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The following simplified code doesn't work (because it sets the retrieved object reference to the parameter), but it shows what I want to do

 public bool updateEvent(clubEvent newEvent)
    {
        TNightCon tCon = new TNightCon();
        clubEvent cEv = (from cEvent in tCon.clubEvents
                         where cEvent.EventID == newEvent.EventID
                         select cEvent).First();

        // Won't work, but do I have to set all the fields manually?
        cEv = newEvent;
        tCon.SubmitChanges();
        return true;
    }
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up vote 2 down vote accepted

You don't need to retrieve the current object to do what you need to do. If the Ids are the same, all you need to do is attach the new object to your context. The trick then becomes getting Linq2SQL to treat the object as "dirty". Timothy Khouri has a blog post that details a useful technique using the Refresh method on the context. Here's what it'd look like.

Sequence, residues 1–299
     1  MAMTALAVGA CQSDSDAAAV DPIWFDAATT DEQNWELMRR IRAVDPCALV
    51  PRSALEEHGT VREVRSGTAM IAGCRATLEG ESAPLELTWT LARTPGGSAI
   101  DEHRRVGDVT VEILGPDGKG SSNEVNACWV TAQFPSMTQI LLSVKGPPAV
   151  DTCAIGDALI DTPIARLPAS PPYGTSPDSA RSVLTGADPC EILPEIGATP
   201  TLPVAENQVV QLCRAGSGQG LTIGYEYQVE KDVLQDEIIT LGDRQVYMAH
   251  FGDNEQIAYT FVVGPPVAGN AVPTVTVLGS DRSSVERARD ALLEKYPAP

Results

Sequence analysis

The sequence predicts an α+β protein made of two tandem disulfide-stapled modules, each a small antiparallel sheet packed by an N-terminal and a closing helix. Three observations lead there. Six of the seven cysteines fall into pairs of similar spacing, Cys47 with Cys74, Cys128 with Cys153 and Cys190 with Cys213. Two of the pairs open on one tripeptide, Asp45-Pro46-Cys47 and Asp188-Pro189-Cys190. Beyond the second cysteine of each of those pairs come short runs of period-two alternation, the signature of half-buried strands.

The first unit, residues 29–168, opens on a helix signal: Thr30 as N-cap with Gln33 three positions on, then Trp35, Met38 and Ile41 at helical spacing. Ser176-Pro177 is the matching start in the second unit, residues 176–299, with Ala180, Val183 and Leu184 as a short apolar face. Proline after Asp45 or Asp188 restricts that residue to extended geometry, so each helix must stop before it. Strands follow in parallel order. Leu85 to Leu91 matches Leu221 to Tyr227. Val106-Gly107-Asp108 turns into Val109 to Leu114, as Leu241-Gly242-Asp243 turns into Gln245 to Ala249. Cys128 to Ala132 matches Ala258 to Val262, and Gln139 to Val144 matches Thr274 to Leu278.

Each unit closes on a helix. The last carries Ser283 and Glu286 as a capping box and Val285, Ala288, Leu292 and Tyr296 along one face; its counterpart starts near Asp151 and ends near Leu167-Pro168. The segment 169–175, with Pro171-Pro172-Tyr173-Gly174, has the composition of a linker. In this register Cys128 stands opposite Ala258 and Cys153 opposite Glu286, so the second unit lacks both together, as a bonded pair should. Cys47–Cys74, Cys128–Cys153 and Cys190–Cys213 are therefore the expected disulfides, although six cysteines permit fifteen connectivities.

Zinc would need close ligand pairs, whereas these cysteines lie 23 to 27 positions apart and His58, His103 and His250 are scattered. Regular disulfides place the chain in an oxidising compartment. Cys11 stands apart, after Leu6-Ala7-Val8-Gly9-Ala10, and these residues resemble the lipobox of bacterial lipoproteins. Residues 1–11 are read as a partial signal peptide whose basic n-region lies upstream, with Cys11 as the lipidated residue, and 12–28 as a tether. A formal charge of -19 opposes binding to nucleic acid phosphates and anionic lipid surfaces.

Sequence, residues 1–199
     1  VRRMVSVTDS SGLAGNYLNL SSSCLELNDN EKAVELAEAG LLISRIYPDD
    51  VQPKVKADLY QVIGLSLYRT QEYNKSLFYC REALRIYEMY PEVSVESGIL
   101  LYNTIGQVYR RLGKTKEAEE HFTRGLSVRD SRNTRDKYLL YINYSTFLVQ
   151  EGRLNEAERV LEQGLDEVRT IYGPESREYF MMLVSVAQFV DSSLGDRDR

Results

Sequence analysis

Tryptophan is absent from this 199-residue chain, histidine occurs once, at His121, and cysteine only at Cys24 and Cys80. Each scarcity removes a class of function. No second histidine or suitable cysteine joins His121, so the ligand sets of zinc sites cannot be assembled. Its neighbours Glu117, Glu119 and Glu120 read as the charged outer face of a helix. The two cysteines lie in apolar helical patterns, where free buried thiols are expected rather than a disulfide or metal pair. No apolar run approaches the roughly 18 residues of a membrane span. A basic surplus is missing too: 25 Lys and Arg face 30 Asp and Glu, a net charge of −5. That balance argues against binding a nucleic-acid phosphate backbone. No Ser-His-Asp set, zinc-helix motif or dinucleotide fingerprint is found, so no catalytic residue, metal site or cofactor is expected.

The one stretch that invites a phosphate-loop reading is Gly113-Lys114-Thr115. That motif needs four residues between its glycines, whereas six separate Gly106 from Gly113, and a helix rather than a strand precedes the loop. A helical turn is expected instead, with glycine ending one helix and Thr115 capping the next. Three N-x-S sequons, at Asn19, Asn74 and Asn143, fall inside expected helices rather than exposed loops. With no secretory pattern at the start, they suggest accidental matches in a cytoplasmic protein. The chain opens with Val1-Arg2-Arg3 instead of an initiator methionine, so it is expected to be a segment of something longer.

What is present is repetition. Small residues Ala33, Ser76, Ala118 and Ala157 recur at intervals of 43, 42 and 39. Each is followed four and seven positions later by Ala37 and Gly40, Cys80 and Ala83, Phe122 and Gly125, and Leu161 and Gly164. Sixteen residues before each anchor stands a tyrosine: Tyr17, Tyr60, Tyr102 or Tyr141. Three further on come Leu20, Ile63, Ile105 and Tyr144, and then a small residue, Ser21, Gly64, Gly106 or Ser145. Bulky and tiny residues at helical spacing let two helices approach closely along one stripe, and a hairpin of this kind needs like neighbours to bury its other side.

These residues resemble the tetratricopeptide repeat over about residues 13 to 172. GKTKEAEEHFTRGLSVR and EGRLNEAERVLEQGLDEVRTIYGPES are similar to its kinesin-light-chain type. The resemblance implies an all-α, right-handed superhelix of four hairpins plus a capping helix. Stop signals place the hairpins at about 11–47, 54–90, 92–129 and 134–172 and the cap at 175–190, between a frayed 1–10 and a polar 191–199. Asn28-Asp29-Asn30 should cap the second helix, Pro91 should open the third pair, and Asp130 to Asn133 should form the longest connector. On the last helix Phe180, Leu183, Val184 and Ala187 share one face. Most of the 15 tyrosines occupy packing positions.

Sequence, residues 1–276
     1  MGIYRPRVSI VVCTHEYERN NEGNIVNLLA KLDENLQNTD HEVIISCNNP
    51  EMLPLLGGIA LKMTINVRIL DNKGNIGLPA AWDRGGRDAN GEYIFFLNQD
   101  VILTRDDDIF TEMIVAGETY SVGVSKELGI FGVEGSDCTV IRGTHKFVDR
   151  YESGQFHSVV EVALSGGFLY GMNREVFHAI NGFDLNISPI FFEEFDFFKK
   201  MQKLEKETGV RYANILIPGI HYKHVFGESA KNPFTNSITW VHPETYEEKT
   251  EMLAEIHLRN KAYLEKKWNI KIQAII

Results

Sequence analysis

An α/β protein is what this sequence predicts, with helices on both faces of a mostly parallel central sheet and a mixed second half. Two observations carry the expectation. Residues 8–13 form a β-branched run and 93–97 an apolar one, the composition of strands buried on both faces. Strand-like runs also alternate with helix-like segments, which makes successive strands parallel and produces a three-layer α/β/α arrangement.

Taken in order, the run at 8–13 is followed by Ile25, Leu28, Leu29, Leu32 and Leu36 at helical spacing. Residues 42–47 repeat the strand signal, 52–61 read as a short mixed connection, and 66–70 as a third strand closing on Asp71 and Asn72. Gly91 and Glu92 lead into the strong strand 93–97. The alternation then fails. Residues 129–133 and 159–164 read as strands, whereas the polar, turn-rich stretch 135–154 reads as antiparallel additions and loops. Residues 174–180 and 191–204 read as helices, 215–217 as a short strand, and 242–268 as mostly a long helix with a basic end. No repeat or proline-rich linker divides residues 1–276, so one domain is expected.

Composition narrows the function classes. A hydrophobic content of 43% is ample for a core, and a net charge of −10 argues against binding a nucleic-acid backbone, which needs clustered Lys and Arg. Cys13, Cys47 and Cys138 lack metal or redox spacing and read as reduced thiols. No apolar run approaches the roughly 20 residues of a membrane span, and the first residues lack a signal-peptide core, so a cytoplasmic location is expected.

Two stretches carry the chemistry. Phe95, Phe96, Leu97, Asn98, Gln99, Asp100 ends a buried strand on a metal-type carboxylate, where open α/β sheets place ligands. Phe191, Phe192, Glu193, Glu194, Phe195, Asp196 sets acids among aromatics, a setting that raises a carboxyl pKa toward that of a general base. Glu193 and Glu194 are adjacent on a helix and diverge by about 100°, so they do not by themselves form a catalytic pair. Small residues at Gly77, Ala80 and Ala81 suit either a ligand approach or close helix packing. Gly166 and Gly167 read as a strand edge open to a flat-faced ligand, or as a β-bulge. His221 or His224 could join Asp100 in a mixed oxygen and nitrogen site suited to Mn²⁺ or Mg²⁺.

public bool updateEvent(clubEvent newEvent)
    {
        tCon.clubEvents.Attach(newEvent);
        tCon.Refresh(RefreshMode.KeepCurrentValues, settings)
        tCon.SubmitChanges();
        return true;
    }
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Or, alternately,

  tCon.ClubEvents.DeleteOnSubmit(cEv);
  tCon.CLubEvents.InsertOnSubmit(newEvent);
  tCon.SubmitChanges();
share|improve this answer
    
How safe is this though? Is there not a chance that between the deletion and the creation of the record that a query will try and find the record, but it won't exist? Or will SQL server complete these type of operations before it deals with new requests? – Tarks Apr 16 '09 at 0:03
1  
The delete & insert should be handled as a transaction by the SubmitChanges() – James Curran Apr 16 '09 at 4:04

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